This analysis assessed the efficacy and safety of UPLIZNA among participants who were previously treated with rituximab to determine any impact of prior treatment on rates of adjudicated attacks, secondary efficacy outcomes and treatment-emergent adverse events. Of the 17 participants who had previously been treated with rituximab, 13 were randomly assigned to the UPLIZNA treatment group. Notably, all seven participants who had pre-study attacks despite rituximab use (annualized attack rate, 0.78 attacks per person year) did not experience any attacks after being treated with UPLIZNA.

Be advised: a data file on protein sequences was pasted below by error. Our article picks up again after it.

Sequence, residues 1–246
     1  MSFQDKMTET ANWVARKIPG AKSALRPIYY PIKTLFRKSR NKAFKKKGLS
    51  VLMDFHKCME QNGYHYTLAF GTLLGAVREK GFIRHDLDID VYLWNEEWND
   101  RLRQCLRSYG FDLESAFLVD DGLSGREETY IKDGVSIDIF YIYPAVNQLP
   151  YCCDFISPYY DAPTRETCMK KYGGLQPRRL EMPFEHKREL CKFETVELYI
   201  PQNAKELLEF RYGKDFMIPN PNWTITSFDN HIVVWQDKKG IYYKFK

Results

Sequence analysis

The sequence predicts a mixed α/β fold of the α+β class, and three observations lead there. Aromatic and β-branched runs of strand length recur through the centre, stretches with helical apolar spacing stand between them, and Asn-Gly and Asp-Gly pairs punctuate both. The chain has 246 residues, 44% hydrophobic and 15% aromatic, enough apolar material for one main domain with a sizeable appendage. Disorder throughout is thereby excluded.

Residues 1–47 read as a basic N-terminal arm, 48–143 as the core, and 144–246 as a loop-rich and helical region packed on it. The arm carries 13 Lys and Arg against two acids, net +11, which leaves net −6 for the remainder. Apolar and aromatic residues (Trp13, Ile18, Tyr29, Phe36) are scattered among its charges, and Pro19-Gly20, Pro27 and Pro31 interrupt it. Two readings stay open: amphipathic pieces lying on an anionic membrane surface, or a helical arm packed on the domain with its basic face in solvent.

“It is encouraging to see that in this analysis, none of the seven patients who experienced breakthrough attacks while previously being treated with rituximab went on to experience an attack while taking UPLIZNA,” said Eoin P. Flanagan, M.B., B.Ch., a neurology specialist at the Mayo Clinic and study author. “Although UPLIZNA and rituximab both target B cells, UPLIZNA targets a broader range of B cells, and may explain why patients in the study who had attacks while being treated with rituximab did not experience attacks with UPLIZNA.”

Key analysis findings:

  • 92% of participants previously treated with rituximab did not experience an NMOSD attack while being treated with UPLIZNA during the randomized-controlled period (RCP) of N-MOmentum (hazard ratio vs all placebo, 0.16; 95% confidence interval: 0.02-1.20) and remained attack-free through the open-label extension period (OLP).